Dr. J Consulting, 3133 Flowers Road South, Apt. J, Atlanta, GA 30341, USA
Received date: 18/04/2016; Accepted date: 06/06/2016; Published date: 13/06/2016
Visit for more related articles at Research & Reviews: Journal of Pharmaceutical Analysis
A conjugation reaction of N-acetyl tyrosine with adenosine triphosphate (ATP) was investigated by mass spectrometry in order to understand the mechanism to tyrosine phosphorylation in proteins. A reacting solution containing 10 mM of N-acetyl tyrosine, 6.4 mM of ATP disodium, 250 μM FeCl2, and 0.15% H2O2 was prepared in 500 μL of 20 mM ammonium bicarbonate (pH 7.4). The reactions were allowed to proceed for 48 h at room temperature followed by mass spectral analysis. It was found that this reaction was catalyzed by the Fe(II)/H2O2 system and the carboxyl terminus of N-acetyl tyrosine that bound to the ferrous ion. The reaction products seem to be the condensates of the phenolic group of tyrosine and the phosphate groups of ATP at a stoichiometry of 1:1 and higher which correspond to an m/z value of 736, 981 and 1248. The study also indicates that an additional step of ATP hydrolysis is needed to produce Phosphor-N-acetyl tyrosine (MW 303) from the conjugate. This reaction may be the precursor step of tyrosine phosphorylation in live organisms.
N-acetyl tyrosine, Adenosine triphosphate (ATP), Conjugation reaction, Metal catalysis, Mass spectrometry.
Tyrosine phosphorylation is a reaction of adding a phosphate (PO4 3-) group of adenosine triphosphate (ATP) to tyrosine residues in proteins. This reaction was found in 1979 in a study of the multi tumor virus, and later tyrosine phosphorylation was considered as a key step in protein signal transduction and regulation of enzymatic activity [1-3]. The reaction of the transfer of the phosphate group must occur through the catalysis of tyrosine kinase. Without the enzyme, this reaction can happen only under harsh conditions of organic synthesis [2,4,5] that do not exist in the body. The specific mechanism of the enzymatic catalysis is not very clear. I hypothesize that the reaction may be related to transition metal ions such as Fe(II) and Cu(II) because these ions can produce free radicals, which then react with many species in biological systems [6-8].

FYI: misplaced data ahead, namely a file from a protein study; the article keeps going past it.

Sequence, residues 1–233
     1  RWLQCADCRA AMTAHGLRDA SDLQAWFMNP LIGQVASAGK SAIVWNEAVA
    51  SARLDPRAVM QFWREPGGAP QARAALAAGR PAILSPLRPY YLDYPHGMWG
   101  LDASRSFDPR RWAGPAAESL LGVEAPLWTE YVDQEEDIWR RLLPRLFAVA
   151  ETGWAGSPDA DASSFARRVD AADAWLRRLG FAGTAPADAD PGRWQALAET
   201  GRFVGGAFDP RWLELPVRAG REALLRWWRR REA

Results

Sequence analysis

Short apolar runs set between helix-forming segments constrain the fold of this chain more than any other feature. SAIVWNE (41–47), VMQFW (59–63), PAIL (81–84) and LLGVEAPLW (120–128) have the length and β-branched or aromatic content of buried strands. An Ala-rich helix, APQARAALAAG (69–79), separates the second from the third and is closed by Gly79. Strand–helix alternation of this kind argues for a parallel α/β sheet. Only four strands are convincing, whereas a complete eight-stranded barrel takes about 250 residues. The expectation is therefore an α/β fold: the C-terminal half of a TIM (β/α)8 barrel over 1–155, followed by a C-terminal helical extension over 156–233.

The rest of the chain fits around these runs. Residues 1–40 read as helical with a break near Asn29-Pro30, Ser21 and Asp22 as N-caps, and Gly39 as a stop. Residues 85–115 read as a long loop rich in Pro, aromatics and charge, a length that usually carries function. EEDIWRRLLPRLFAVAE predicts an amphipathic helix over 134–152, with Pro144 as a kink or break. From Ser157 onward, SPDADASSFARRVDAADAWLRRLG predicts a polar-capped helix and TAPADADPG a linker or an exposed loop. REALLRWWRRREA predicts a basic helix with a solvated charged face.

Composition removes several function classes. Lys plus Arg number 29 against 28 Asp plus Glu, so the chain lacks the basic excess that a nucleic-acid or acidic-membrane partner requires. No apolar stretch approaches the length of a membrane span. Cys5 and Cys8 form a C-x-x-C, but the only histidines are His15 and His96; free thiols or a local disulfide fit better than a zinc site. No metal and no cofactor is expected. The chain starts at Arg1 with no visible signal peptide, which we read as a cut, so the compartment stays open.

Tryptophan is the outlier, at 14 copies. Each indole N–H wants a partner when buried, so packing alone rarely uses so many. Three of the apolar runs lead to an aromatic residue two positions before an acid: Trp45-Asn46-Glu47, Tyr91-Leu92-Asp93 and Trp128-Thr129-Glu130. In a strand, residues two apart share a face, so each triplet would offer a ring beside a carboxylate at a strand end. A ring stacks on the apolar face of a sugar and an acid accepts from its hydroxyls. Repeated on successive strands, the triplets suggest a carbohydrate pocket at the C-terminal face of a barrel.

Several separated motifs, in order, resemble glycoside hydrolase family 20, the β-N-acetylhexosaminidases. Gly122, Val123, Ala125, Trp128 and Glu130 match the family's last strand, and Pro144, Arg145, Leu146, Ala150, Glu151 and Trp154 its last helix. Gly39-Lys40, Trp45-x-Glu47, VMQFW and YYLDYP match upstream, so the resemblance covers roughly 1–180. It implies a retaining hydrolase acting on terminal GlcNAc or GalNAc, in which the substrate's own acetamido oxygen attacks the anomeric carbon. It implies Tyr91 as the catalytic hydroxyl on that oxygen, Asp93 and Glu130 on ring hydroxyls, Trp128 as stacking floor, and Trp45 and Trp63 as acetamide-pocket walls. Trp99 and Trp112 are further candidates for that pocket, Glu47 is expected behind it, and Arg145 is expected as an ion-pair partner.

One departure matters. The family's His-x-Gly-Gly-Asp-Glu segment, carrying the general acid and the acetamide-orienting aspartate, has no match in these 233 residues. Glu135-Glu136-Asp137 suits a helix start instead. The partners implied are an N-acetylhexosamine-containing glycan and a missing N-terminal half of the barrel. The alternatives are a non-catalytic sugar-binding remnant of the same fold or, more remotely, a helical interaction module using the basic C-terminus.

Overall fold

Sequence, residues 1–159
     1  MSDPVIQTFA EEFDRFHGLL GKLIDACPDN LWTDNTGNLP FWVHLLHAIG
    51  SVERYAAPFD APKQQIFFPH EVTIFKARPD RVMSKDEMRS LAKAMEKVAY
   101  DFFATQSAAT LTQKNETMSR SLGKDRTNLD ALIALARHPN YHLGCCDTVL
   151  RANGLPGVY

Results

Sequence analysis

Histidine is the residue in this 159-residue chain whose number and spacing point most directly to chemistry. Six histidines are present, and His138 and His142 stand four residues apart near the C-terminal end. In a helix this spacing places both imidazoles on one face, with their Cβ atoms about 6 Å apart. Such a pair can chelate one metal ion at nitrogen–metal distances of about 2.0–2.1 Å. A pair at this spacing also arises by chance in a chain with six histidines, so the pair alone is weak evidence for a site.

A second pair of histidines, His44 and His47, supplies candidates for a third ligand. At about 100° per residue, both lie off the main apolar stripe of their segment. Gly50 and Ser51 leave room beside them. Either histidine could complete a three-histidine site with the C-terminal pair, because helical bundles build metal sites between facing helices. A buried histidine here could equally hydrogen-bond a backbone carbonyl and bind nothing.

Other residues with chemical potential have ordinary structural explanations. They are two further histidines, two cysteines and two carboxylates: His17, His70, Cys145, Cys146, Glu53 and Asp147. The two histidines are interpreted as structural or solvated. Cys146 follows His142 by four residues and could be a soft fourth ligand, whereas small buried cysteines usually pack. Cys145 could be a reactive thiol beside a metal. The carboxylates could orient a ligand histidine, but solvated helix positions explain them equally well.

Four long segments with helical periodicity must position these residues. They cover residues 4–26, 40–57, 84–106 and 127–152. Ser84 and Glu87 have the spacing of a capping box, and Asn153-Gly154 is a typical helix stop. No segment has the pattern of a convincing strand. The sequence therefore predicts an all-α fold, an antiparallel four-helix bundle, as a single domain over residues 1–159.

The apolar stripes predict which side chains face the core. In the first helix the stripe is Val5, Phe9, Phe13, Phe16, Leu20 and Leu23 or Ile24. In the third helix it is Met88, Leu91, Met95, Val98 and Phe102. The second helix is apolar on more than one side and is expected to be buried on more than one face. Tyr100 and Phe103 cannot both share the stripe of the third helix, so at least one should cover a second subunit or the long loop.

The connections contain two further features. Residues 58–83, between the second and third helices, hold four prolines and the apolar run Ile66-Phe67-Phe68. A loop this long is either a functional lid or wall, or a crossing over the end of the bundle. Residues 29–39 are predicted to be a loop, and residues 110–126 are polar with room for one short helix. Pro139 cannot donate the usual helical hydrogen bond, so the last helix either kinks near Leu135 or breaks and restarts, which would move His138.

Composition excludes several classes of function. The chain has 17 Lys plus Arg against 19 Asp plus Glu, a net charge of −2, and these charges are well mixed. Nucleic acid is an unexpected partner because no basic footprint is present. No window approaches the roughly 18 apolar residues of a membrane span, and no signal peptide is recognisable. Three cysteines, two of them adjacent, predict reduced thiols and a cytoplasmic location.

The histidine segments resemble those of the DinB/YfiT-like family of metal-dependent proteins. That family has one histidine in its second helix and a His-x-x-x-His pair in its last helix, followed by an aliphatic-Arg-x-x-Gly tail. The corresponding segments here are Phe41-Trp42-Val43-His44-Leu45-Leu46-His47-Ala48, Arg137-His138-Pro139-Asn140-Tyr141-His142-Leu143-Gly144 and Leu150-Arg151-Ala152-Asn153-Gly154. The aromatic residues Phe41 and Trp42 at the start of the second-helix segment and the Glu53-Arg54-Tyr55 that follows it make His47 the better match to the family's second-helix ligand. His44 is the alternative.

The author’s previous research has shown that the rate of metal-catalyzed oxidation is significantly increased when tyrosine is adjacent to a carboxyl group as in Glu-Tyr and N-acetyl tyrosine. This is due to the binding of the carboxyl group with iron and copper ions which produce radicals near the phenolic group of tyrosine . On the contrary, the N-terminus of tyrosine and other positively charged groups of peptides slows the oxidation reaction because they disfavor the binding of the metal ions. The oxidation products of Glu-Tyr and N-acetyl tyrosine were also more complicated than the one of tyrosine which was primarily monohydroxylated tyrosine (or DOPA) [6-9]. For example, two of the oxidation products of N-acetyl tyrosine are quinone like compounds of oxidized DOPA. Some of these oxidation products may be reactive and subject to further chemical modifications. In a separate study, the author found that acetylsalicylic acid (aspirin) could form a three-component complex with ferrous ion and an endogenous substance, gluconic acid, and this complexation accelerates the hydrolysis of aspirin. Moreover, the hydrolysis products, salicylic acid and acetic acid, further reacted with the hydroxyl groups of gluconic acid to form salicylate-gluconic acid conjugates and acetylated gluconic acid via a condensation reaction . It is known that the phosphate group of ATP can complex with metal ion , hence it is likely that tyrosine, ATP and transition metal ions undergo similar mechanism by forming a tertiary complex intermediate to produce phosphotyrosine. The following research is trying to demonstrate the possibility of this reaction path.